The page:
“Children with richer parents have bigger brains than their poorer counterparts, new research suggests. Differences in regions of the brain that deal with language, reading, decision-making and memory were most marked, the study found. But the scientists from California also found that community help and teaching can remedy the disparities. The team concludes that factors such as better school lunches and motivated teachers can have a significant impact. In what is claimed to be the biggest study of its kind, scientists from the University of Southern California tested 1,099 typically developing people – male and female – aged between three and 20. They measured brain surface area by scans and conducted cognitive tests, and then compared the results with the income levels of the parents.”(more)

Saturday, March 28, 2015

More pupils have mental health issues, say school staff

BBC – Judith Burns

“More than half of 850 staff surveyed by the Association of Teachers and Lecturers (ATL) agreed more pupils had developed problems. On Monday, the ATL’s annual conference will debate a call for more support for vulnerable pupils in schools. General secretary Dr Mary Bousted blamed “poverty, poor housing, unemployment and financial insecurity”. School staff have had to “plug the gaps in social care as best they can”, said Dr Bousted. Some 861 ATL members responded to the survey earlier this month. ‘Completely overwhelmed’ More than one in six said they believed at least a quarter of students in their school or college were affected by mental health problems. Almost 90% said staff have had to provide more support for these pupils over the past two years, while 43% said they had been finding it harder to access services for pupils with mental illness.”(more)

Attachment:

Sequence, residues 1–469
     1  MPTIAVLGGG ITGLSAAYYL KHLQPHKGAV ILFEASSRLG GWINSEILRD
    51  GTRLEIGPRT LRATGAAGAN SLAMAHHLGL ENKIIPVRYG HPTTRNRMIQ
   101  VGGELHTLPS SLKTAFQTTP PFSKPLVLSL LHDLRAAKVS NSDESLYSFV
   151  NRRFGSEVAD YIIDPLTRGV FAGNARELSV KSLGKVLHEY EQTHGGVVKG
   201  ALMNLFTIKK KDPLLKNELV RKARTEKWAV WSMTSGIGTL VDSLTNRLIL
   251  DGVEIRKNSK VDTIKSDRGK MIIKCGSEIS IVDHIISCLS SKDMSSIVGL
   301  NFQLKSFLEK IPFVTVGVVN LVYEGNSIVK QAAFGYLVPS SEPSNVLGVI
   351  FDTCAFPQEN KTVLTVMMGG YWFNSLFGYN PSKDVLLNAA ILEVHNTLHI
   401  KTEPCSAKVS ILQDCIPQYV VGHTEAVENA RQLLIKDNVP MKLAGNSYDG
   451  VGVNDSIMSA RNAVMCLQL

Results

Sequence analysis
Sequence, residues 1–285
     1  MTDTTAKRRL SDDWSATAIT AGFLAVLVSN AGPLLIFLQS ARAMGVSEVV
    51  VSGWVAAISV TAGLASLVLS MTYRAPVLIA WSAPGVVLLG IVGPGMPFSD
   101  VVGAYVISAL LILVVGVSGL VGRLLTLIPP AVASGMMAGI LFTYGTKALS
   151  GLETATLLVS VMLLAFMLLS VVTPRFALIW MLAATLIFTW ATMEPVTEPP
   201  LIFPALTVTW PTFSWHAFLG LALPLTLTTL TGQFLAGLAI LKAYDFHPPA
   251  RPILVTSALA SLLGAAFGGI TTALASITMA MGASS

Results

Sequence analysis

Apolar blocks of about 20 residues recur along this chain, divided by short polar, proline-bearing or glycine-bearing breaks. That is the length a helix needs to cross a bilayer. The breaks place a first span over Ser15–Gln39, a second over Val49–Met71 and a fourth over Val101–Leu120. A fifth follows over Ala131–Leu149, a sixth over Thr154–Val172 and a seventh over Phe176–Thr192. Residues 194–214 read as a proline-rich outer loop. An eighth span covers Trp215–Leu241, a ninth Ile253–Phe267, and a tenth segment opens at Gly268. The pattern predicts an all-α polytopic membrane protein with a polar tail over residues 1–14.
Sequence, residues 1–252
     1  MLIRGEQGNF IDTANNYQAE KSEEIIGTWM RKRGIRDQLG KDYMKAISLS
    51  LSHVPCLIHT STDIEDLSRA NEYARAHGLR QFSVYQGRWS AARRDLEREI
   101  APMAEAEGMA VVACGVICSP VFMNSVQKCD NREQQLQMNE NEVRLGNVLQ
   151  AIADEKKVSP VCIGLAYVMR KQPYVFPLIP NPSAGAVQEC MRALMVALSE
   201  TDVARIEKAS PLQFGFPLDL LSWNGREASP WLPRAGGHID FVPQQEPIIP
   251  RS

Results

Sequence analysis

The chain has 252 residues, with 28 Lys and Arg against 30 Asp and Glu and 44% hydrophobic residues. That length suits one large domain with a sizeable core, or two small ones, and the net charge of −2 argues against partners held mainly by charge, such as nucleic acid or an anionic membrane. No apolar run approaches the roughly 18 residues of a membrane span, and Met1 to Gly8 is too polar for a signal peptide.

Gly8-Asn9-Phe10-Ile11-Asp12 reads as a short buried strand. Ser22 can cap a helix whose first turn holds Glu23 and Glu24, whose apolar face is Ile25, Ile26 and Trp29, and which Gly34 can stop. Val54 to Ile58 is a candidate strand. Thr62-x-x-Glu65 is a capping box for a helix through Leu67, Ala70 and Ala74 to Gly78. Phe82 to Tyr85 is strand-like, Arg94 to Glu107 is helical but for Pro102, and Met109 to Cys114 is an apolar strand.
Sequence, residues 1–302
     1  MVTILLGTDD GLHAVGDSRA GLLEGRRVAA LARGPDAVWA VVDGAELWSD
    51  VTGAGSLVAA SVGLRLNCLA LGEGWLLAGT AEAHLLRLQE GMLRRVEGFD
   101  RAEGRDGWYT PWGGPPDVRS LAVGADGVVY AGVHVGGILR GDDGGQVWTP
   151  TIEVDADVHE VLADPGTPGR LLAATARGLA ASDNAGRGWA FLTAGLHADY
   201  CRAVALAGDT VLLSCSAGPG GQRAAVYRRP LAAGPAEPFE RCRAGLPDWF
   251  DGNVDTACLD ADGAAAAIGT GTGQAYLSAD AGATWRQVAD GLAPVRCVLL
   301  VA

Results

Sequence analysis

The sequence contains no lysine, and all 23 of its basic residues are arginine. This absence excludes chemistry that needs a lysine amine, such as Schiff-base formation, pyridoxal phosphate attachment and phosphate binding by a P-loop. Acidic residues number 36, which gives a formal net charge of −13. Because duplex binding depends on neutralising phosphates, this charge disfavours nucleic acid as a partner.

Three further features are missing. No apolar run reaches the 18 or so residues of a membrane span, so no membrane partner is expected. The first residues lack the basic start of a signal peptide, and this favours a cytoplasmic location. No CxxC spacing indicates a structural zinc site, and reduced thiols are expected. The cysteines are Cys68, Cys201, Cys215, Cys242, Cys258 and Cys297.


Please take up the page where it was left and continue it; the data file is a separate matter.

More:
Twice as many boys start school ‘unable to speak properly’, report finds

The Telegraph – Javier Espinoza

“Boys are twice as likely as girls to start primary school unable to speak properly, a new report says. Speech problems include issues around pronunciation, language and structure of sentences and also the ability to express themselves properly, according an analysis made by the Early Intervention Foundation (EIF). Their analysis of 2014 government figures on early years showed some 40,000 girls and 82,000 boys lack personal, social and emotional development by the age of four. The charity expressed concerns about too many boys arriving for their first day of school without a broad range of skills needed to maximise their potential. Carey Oppenheim, EIF’s chief executive, said: “This can have damaging consequences which can last a lifetime. Especially as children with strong social, emotional and communication skills developed in childhood have a better chance of getting a good job and being healthy, than those who are just bright or clever.”(more)